NCMS Project #: 140377
Problem: Tightening workplace regulations and mounting liability concerns will make the hexavalent chrome plating process increasingly costly and risky over the next few years. Because of an increasing level of concern with hexavalent chromium processes, several of the DoD Maintenance and Logistics facilities were keenly interested in potential replacement technologies. Prudence dictates that we begin without delay to work toward qualifying alternative processes such as the trivalent process for commercial and military applications.
Pulse plating technology has been extensively developed by Faraday Technologies of Dayton, OH for a number of electroplating applications, including trivalent chromium. Two DoD facilities, Cherry Point Naval Air Depot and the Oklahoma City Air Logistics Center joined with Faraday to launch a project to develop and evaluate the Faraday trivalent chromium process for DoD applications. The Faraday trivalent chromium coating was, in the experience of all participants, the closest available candidate to an acceptable replacement for hexavalent hard chrome.
Benefit: Potential readiness benefits include:
- Availability: If confirmed by further testing, better wear resistance will mean longer time in the field between required maintenance for parts currently plated with hexavalent hard chromium.
- Cost Savings: Compliance costs associated with the new federal worker exposure rule for hexavalent chromium for one DoD facility alone was estimated to exceed $14M over a two year period. Several other DoD facilities that also carry out extensive hexavalent chromium electroplating operations may face comparable costs.
- Applications: Could potentially apply to every application with a rotating shaft or mating surface parts needing improved wear resistance properties.
Solution/Approach: NCMS with CTMA support designed a relatively low budget study of the Faraday trivalent chromium coating process to optimize this new method for electroplating hard chromium coatings using a pulse plating process (which is safer to work with than the traditional hexavalent chromium process) and evaluate the wear resistance characteristics of a hard chrome coating. However, at the start of this project there were still some properties that needed improvement; specifically targeted in this project were:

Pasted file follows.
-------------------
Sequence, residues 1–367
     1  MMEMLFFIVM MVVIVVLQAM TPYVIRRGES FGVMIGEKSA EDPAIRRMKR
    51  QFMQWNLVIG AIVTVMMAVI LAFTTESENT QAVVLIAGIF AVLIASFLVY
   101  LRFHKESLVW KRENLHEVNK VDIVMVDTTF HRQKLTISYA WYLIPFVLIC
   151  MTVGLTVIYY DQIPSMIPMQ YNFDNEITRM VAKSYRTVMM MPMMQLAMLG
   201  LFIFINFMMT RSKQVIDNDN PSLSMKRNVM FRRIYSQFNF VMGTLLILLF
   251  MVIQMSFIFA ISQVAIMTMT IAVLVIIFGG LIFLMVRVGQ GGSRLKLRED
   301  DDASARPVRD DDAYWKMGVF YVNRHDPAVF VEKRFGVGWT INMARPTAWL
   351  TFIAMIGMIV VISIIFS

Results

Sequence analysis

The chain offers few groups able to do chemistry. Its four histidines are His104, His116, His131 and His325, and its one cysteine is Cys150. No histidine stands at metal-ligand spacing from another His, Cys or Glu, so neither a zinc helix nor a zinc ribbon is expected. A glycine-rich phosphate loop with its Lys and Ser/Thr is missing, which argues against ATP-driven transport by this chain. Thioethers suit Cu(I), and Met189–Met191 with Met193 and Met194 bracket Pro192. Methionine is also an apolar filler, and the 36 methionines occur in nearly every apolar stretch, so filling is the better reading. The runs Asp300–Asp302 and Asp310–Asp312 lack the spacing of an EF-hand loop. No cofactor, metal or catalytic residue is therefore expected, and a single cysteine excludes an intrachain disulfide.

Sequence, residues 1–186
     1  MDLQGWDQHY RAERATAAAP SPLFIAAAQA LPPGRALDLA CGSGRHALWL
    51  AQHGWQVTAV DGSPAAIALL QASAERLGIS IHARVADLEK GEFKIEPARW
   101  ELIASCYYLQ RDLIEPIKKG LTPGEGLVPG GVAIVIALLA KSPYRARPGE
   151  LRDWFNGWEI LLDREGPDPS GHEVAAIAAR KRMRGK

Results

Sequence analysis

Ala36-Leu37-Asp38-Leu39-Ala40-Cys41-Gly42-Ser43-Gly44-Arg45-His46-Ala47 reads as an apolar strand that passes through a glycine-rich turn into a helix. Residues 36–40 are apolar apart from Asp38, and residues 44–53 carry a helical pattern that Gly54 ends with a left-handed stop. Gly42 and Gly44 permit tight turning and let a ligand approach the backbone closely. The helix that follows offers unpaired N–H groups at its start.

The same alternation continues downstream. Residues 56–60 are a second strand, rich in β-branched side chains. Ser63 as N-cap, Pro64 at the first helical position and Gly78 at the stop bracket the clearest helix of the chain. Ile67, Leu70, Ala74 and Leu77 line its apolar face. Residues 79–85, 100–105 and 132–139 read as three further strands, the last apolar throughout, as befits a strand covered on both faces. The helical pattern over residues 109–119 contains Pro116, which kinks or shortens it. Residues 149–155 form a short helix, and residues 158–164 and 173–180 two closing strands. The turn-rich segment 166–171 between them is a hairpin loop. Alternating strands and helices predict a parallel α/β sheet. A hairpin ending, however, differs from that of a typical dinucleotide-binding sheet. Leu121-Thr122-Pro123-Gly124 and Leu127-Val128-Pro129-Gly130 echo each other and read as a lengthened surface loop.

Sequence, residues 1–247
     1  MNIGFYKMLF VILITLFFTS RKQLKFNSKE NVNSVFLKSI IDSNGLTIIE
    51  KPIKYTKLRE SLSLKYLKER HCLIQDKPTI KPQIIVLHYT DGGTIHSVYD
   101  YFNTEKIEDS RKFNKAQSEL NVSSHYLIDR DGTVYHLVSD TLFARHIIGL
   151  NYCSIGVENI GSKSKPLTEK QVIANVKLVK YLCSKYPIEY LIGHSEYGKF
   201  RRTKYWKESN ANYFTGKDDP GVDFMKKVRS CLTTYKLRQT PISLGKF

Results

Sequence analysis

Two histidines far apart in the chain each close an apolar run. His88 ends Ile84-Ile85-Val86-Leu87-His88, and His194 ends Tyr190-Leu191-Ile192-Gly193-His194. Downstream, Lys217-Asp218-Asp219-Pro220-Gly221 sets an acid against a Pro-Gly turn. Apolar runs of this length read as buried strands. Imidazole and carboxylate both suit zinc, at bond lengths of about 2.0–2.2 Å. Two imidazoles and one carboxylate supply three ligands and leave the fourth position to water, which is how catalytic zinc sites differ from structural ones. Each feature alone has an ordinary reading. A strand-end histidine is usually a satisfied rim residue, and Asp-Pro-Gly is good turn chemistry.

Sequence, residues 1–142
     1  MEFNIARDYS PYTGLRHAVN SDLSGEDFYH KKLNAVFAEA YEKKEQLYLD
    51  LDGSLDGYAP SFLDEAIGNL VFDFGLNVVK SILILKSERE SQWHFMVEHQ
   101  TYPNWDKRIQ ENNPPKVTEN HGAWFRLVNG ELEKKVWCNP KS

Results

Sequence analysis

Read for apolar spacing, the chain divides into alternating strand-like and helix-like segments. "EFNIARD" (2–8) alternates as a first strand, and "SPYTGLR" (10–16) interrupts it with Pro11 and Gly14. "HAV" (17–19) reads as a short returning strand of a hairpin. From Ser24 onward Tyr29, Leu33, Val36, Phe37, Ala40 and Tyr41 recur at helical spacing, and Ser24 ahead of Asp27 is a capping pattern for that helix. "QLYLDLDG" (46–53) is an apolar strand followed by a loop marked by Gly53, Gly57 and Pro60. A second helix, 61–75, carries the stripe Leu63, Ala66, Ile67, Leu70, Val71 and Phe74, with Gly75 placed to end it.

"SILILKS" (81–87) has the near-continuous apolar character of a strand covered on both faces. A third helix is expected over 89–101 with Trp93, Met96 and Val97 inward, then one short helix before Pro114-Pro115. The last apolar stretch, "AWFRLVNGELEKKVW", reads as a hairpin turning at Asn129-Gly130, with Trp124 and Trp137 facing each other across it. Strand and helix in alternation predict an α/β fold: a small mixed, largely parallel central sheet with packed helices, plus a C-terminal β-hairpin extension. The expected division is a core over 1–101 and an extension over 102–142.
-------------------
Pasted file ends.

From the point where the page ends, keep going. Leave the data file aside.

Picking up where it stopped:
Cracks – the ability to plate a crystalline deposit from a trivalent bath was a significant breakthrough, but crystalline materials, in addition to being hard, tend also to be brittle allowing propagation of cracks along well-defined directions in the crystal lattice. Under a microscope, cross sections of the Faraday trivalent coating exhibited these lattice-type cracks, many of which extended from the surface of the coating through to the underlying substrate. Cracks in the coating that expose the base material are unacceptable. Hexavalent coatings have relatively few through-cracks owing to its crystalline grain structure being such that propagation of cracks is blocked.
Hardness – the hardness of Faraday trivalent coating at the outset of the project was substantially better than that of decorative trivalent coatings, but fell short of the values achieved by standard hexavalent coatings. Hardness itself is not a crucial property for a wear resistant surface. Its relevance lies in its ability to predict wear resistance. (Hardness, or resistance to plastic deformation, was measured in this project according to the Vickers method, which gauges the resistance of the coating to penetration by the point of a pyramid-shaped diamond indenter).
Impact on Warfighter: If this trivalent chromium process were to produce better wear resistant parts translating into increased durability and availability of Warfighter/Weapons Systems, plus the safety and cost savings associated with process conversion from hexavalent to trivalent chromium, the trivalent chromium process could yield enormous savings for DoD.
- U.S. Navy – NADEP, Cherry Point
- U.S. Air Force – Oklahoma City Air Logistics Center
- Faraday Technologies